120th Avenue NE is envisioned as a new community main street with retail and open spaces that connect civic destinations.

Realizing the Benefits of Growth
One of Council’s goals for the project was to realize community benefits by leveraging the changes coming to the study area. Mithun worked with the community and stakeholders to identify and prioritize which community benefits could be supported by new development. With those benefits identified, the project team established an incentive zoning system that will enable those benefits to be realized. The zoning program sets up base requirements for all new development to provide a minimum level of benefits, and also introduces an incentive of optional additional development allowances in exchange for providing community benefits. Once again, a clear urban design framework was critical to clarify which benefits were needed from private development and which could be provided through public investments.

Elements of the plan are connected directly to strategies to realize community benefits through new development and public investments.

Realizing the Vision
Implementation was a focus throughout the process, and Mithun worked with the City to develop a number of tools to support implementation of the plan. Updated zoning was one of those tools and, given the amount of growth and the importance of supporting community character, the project team settled on a form-based code for the station area early in the process. Form-based codes flip the traditional approach to zoning by focusing on form first and land use second. This approach allows communities to more clearly articulate what they want future development to look like, and provides certainty to adjacent stakeholders and developers about what can be built under the code.

The form-based code organizes regulations according to the different elements of the urban experience.

The new zoning is a hybrid form-based code that uses a combination of regulating districts, street types and frontage types to address building massing, public realm experience and street design in a holistic way. Additional rules for transitions, sustainability and parking further translated the vision into concrete policies. Having a clear vision at the outset with a strong set of design principles made it much easier to codify that intent into the zoning.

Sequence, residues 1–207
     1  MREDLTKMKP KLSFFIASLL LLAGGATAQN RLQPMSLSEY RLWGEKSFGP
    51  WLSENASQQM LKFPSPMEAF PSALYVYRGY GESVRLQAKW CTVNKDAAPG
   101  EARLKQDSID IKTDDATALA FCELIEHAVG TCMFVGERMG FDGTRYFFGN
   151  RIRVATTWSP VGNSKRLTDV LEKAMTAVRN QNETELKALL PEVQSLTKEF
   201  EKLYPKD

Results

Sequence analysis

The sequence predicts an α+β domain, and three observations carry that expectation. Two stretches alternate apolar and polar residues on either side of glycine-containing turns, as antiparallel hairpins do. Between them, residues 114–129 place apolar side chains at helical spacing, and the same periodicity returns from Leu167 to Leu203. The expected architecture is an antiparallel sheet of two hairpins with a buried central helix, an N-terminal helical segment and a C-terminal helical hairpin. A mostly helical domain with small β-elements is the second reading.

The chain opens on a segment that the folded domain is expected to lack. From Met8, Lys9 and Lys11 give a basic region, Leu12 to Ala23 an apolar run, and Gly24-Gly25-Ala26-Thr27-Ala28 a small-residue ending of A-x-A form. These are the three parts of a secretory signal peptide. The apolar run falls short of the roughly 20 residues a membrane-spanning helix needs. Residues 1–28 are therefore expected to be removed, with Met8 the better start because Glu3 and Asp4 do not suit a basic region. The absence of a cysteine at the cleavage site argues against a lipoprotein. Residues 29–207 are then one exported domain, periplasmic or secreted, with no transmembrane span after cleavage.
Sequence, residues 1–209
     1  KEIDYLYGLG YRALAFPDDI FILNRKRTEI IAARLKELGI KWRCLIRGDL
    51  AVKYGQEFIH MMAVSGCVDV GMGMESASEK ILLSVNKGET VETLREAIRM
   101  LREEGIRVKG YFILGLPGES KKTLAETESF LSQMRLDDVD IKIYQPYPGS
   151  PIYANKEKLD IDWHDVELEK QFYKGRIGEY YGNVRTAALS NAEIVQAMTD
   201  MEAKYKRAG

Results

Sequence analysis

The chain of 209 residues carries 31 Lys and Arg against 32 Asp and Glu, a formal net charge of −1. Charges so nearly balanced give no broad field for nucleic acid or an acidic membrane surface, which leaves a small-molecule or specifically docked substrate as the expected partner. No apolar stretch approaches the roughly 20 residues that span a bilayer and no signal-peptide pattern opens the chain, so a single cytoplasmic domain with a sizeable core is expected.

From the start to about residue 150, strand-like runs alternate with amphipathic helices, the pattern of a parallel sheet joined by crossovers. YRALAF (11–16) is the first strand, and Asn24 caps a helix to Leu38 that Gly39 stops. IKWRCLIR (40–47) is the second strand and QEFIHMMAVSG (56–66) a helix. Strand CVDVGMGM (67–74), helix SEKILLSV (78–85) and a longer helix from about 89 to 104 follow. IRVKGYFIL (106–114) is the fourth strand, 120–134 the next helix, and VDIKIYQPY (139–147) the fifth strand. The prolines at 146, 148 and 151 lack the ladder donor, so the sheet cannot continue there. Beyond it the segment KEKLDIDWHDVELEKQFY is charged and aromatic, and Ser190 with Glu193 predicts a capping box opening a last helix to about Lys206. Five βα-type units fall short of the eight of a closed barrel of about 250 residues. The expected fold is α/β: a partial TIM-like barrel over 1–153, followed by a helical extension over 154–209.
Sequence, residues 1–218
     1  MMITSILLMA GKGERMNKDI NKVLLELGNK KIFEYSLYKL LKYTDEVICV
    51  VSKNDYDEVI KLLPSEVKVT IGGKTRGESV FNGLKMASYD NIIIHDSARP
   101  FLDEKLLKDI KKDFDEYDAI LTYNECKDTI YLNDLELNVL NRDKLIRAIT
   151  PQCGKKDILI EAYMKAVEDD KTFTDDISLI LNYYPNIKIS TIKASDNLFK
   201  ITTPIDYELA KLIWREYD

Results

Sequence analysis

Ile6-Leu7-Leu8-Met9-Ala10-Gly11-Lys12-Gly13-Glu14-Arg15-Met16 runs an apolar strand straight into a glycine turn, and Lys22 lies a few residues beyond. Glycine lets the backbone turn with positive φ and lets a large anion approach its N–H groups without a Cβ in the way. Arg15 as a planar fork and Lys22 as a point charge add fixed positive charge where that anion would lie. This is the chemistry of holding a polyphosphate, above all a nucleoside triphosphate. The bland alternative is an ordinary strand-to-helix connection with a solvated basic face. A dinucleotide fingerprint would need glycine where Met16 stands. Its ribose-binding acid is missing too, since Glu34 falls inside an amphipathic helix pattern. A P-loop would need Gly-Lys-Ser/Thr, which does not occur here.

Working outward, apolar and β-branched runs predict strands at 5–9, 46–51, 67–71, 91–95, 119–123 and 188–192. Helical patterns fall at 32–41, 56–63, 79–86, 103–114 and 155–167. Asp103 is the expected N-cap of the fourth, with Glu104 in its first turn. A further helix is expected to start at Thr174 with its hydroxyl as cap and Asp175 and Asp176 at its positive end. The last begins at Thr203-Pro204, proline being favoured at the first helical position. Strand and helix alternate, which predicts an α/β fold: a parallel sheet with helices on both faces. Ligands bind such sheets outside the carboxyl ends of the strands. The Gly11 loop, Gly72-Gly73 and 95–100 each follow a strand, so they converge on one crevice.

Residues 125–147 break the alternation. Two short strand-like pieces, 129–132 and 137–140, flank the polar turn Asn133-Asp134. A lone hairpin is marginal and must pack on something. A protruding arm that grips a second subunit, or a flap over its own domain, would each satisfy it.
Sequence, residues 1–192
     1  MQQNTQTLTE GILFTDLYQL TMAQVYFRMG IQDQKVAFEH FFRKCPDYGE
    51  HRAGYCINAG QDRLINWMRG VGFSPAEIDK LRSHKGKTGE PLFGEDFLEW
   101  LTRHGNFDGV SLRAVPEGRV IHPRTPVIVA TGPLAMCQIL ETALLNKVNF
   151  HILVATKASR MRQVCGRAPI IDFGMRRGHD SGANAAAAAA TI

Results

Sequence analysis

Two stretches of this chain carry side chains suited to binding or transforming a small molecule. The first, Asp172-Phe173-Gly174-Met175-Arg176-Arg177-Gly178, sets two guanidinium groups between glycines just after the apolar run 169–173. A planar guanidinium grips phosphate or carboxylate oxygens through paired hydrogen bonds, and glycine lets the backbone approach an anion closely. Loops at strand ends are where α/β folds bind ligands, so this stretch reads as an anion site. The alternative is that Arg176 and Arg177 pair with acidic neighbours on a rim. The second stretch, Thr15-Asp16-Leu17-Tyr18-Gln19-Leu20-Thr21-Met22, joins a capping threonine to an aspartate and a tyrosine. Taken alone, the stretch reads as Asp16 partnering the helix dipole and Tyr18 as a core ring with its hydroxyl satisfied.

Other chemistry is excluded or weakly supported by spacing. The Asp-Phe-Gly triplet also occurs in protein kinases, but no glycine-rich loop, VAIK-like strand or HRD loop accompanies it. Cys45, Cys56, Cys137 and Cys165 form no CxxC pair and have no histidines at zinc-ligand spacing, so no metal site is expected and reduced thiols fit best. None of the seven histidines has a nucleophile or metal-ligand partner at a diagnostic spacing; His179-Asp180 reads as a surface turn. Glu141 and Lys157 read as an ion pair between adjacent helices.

The form-based code goes beyond conventional zoning to provide specific design requirements that can deliver the vision identified by the community.

District Scale Sustainability
The City of Kirkland has taken significant strides to encourage sustainable development, including a recent city-wide high performing buildings ordinance. As cities work to decarbonize the built environment and protect natural resources, the district scale is one of the greatest opportunities to realize those goals. The City was eager to support the station area as a demonstration district and maximize opportunity for innovation around climate action and resilience. Mithun worked with a great team of national and local experts, including BUSS and Rushing, to create a sustainability framework for the study area. The sustainability framework envisions a ‘future-ready’ district that is responsive to the changing climate. It takes advantage of the scale and unique opportunities of a mixed-use, transit-oriented community, including district energy opportunities, integrated stormwater opportunities within the public rights-of-way and community needs like resilience hubs. Some of these concepts became the basis for policy changes, baseline requirements and incentive zoning amenities, such as a new Kirkland Green Factor Code, while others lay the groundwork for future implementation as parcels are redeveloped.

Natural assets like Forbes Lake can become places for ecological restoration, new boardwalks for recreation and a green district with low-carbon buildings.

Looking ahead
Adopting a new plan is always an important milestone, but it is really just the beginning of the transformation of a district. Some of the ideas in the station area plan will become specific capital projects by the City, some will become the starting point for individual developers and designers, and others will set the stage for new partnerships and initiatives. The power of a good plan is that it rallies people around a vision and creates the framework for investment. In the decade to come, the NE 85th St Station Area Plan will provide the foundation for translating regional growth into a more livable, sustainable and equitable Kirkland for the next generation.